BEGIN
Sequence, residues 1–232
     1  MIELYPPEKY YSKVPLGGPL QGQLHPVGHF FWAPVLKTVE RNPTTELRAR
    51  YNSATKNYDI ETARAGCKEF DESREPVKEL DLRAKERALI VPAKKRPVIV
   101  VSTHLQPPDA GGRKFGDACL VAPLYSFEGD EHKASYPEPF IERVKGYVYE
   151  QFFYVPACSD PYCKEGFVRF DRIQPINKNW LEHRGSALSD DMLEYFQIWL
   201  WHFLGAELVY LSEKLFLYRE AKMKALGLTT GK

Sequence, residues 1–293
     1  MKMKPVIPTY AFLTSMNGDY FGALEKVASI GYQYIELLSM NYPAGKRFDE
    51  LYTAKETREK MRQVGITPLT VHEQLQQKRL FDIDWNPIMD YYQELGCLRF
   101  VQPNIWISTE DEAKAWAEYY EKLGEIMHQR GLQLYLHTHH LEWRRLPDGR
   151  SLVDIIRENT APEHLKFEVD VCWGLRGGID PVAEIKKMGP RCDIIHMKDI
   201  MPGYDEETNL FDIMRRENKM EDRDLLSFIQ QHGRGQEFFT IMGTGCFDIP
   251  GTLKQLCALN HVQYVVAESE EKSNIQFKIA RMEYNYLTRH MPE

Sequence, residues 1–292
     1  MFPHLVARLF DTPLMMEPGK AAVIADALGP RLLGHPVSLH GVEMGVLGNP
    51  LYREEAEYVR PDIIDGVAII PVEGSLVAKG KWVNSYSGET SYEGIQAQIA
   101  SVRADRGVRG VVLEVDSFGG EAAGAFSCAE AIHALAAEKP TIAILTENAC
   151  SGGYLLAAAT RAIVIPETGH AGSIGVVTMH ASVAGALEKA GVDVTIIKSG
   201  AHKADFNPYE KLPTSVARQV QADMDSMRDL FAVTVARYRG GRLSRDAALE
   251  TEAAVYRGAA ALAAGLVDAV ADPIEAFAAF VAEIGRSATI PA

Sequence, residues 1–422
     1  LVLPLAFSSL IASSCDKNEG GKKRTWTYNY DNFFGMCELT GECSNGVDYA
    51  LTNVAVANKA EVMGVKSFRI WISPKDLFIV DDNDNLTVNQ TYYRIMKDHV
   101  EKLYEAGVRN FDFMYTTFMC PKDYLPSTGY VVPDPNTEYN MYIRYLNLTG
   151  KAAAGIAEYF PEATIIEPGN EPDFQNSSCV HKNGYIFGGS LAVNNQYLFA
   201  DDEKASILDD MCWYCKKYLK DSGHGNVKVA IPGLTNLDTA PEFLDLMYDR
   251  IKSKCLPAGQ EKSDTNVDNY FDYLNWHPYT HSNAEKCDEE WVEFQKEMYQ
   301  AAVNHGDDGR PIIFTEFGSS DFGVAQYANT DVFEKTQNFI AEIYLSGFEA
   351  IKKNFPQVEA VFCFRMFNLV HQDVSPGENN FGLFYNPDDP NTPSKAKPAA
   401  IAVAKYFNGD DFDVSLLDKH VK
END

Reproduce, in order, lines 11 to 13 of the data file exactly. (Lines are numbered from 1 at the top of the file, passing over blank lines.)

   151  SLVDIIRENT APEHLKFEVD VCWGLRGGID PVAEIKKMGP RCDIIHMKDI
   201  MPGYDEETNL FDIMRRENKM EDRDLLSFIQ QHGRGQEFFT IMGTGCFDIP
   251  GTLKQLCALN HVQYVVAESE EKSNIQFKIA RMEYNYLTRH MPE